Following her parole, Davina, 50, got a temporary job on a website contract, but her parole officer insisted that she find full-time work because, he said, contract work is “too non-traditional,” reported Alejandra Molina in the Riverside Press-Enterprise.
Another woman was called “lazy” by her parole officer for attending a trade school and not finding full-time work three months after her release.
“I’m trying to figure out my education so I can have a good job,” said the woman, identified only as Shonda. “I want to get my education right so I can have a career, not just get any old thing like cleaning toilets at a Jack-in-the-Box.”
Meanwhile, several other women who braided hair from home to supplement income said they were pressured to find “real” employment, because their parole or probation officers claimed braiding hair was not dependable work.
Sociologist Susila Gurusami listened to these women’s complaints and says their plight is part of a disturbing trend: Women leaving prison struggle to convince their parole officers that their employment choices are legitimate. Gurusami gave the details in a new report from the University of California at Riverside.
In particular, Black women leaving prison are facing stricter parole employment requirements in addition to a harsher labor market, the 2017 report said.
“There is a consistent underlying logic that seeks to devalue Black women, particularly through the labor market,” Gurusami wrote.
What constitutes real gainful employment is a subjective matter that state agents can interpret differently. A fast food job may resonate more strongly with a parole officer as “rehabilitation labor” than the pursuit of an education that could lead to reliable employment down the road, the sociologist wrote.
“For whatever reasons, it’s a lot more difficult for African-American women even accessing re-entry services,” Vonya Quarles, co-founder of Starting Over, a transitional housing program, told the Press Enterprise.
“It’s a lot more difficult for African-American women even accessing re-entry services”
There are not enough Black people in hiring positions working in service industries to extend opportunities to Black women, said Quarles.
Another woman in her 30s shared how her criminal record was a barrier to finding reliable work. After months of not working and bills stacking up, she started working at a strip club. Once her probation officer learned about her job, she was told she was not supposed to frequent places that encourage “immoral” behavior, or she would “find herself thrown back into a cell,” said the report.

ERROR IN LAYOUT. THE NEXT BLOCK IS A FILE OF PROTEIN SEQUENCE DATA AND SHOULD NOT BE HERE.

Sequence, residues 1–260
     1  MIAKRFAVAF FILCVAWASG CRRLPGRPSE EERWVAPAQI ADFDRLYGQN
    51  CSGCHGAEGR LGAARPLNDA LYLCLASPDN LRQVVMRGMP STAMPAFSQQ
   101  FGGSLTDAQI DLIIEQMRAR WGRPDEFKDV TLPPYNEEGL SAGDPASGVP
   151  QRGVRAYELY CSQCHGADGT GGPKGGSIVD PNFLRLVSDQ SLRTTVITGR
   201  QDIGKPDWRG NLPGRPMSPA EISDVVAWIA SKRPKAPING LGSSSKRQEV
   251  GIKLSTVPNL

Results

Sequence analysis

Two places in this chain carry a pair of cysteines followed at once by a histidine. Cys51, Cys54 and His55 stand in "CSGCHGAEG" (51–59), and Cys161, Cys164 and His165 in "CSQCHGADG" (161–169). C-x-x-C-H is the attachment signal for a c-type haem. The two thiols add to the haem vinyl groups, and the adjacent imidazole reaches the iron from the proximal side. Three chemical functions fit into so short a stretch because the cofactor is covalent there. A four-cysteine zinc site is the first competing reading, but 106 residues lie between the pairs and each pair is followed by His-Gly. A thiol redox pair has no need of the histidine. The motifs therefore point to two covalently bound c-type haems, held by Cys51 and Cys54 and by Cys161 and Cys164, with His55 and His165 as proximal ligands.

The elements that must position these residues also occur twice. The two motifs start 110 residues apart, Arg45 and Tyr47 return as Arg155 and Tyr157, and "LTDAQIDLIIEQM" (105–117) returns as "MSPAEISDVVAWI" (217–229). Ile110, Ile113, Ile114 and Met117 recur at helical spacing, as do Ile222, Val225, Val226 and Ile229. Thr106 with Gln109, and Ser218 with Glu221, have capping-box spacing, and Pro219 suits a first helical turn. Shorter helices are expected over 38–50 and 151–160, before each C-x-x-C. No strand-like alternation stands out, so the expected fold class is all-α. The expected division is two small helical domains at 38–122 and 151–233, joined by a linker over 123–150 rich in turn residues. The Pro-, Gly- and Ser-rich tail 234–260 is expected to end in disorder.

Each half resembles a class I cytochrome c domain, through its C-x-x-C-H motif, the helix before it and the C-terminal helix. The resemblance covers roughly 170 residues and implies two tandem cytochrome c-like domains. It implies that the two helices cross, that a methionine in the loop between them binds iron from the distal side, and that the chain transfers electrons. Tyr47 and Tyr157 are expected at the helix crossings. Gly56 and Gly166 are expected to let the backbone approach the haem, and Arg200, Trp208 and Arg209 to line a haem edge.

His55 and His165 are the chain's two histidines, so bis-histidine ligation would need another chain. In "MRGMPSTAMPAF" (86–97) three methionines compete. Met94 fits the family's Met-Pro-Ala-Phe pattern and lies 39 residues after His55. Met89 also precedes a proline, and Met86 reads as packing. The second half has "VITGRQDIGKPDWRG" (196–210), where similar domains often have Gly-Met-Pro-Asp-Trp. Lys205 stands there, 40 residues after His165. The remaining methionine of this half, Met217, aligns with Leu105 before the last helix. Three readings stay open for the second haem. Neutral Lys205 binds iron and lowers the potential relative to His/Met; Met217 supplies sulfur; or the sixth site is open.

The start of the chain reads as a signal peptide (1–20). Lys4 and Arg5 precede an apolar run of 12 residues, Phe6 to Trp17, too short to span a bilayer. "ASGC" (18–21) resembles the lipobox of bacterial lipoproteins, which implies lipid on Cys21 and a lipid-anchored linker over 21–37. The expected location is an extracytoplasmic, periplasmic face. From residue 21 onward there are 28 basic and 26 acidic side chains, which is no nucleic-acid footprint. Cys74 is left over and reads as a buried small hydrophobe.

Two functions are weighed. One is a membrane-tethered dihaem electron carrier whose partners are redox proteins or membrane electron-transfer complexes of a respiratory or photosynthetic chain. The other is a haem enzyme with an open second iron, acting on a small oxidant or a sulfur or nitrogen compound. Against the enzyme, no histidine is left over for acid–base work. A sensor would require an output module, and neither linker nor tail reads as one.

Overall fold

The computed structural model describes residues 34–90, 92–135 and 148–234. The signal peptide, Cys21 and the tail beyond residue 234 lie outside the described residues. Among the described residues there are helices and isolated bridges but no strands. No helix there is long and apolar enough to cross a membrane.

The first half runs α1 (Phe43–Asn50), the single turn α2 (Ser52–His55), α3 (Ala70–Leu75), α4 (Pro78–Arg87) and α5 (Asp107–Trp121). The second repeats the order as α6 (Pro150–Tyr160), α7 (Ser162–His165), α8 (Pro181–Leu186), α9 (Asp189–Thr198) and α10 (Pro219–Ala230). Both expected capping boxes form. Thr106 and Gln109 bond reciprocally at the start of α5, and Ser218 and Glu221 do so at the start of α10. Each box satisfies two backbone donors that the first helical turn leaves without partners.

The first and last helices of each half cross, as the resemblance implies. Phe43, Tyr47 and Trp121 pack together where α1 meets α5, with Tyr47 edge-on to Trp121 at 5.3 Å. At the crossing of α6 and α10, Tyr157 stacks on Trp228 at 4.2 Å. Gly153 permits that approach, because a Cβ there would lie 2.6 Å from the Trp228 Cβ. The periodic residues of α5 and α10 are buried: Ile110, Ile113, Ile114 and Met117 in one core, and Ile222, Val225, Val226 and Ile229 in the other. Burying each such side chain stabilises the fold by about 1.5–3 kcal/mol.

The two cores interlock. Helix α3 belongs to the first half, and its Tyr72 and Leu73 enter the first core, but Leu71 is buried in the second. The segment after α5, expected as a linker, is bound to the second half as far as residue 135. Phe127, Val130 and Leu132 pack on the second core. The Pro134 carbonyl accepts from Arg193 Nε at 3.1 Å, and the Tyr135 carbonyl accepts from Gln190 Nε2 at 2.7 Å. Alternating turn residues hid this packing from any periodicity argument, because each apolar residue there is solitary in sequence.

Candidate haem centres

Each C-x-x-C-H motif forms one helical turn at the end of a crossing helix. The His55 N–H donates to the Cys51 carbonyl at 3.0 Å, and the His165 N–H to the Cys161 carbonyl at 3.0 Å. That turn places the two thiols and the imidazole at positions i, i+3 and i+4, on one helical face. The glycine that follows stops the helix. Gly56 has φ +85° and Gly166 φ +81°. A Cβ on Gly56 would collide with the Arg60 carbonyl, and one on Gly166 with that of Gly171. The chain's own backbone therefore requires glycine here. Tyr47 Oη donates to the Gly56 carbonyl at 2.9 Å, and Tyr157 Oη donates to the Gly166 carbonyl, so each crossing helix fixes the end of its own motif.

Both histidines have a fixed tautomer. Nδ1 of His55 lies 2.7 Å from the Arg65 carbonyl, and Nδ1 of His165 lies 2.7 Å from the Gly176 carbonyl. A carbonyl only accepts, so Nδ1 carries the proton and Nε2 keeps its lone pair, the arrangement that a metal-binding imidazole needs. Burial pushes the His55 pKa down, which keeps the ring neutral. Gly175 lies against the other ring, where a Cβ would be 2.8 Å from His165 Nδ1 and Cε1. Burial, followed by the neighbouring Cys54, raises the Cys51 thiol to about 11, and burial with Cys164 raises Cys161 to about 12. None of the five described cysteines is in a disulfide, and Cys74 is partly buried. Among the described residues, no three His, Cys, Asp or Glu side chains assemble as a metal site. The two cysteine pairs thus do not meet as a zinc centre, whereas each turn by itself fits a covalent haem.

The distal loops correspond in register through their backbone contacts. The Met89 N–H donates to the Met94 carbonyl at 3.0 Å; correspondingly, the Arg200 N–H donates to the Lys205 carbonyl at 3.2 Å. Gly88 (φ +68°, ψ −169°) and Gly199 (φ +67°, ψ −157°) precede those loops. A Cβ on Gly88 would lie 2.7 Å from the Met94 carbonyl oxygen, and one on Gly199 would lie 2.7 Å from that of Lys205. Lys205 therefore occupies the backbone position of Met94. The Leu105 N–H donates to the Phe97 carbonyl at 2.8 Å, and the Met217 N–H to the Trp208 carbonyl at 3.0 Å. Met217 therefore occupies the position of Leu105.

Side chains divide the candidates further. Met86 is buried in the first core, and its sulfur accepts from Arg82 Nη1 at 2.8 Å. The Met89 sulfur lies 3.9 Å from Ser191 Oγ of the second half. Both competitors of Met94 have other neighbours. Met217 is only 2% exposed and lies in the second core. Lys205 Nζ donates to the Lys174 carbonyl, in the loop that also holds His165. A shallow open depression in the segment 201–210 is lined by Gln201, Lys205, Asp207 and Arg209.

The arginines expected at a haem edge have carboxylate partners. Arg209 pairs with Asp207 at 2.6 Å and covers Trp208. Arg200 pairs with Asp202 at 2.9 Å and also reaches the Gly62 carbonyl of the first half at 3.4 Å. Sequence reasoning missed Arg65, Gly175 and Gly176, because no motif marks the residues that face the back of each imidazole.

The constant threat of re-incarceration by parole officers for not securing full-time work and the lack of employment opportunities cause some of the women to suffer from anxiety.
Approximately 9,000 people nationwide are re-incarcerated every day for violating parole and probation employment orders, according to the report. Black people represented 40 percent of the over-all post-release violations, but accounted for 70 percent for unemployment violations.
Gurusami’s report also highlighted a woman who was vaguely threatened with “consequences” from her parole officer if she was not home for daily check-ins with him. This order would prevent her from going to a temporary job. So the woman chose to go to work, citing her family needed the money.
Many of the women have turned to advocating for other incarcerated and formerly incarcerated people while they searched for full-time employment with little success, said Gurusami.
“It was close to being very difficult for me to find employment,” said Ingrid Archie, formerly incarcerated, now working as an advocate for A New Way of Life. “I didn’t find employment outside of the organization,” she told the Press-Enterprise.
A New Way of Life is a nonprofit organization helping formerly incarcerated women.
“Most women reported that parole or probation agents either had a neutral impact on them or presented an additional barrier in adjusting to life after incarceration,” the report noted.
Gurusami, 29, who is of South Asian heritage, spent close to 18 months with 35 formerly incarcerated women, 24 of them Black, at a South L.A. re-entry program. Most of the women were convicted for drug-related offenses or prostitution. Two of the women were convicted of homicide, but said they acted in self-defense.
As part of her research, Gurusami attended court hearings with the women, helped them with job applications, and drove the women to medical appointments then back home.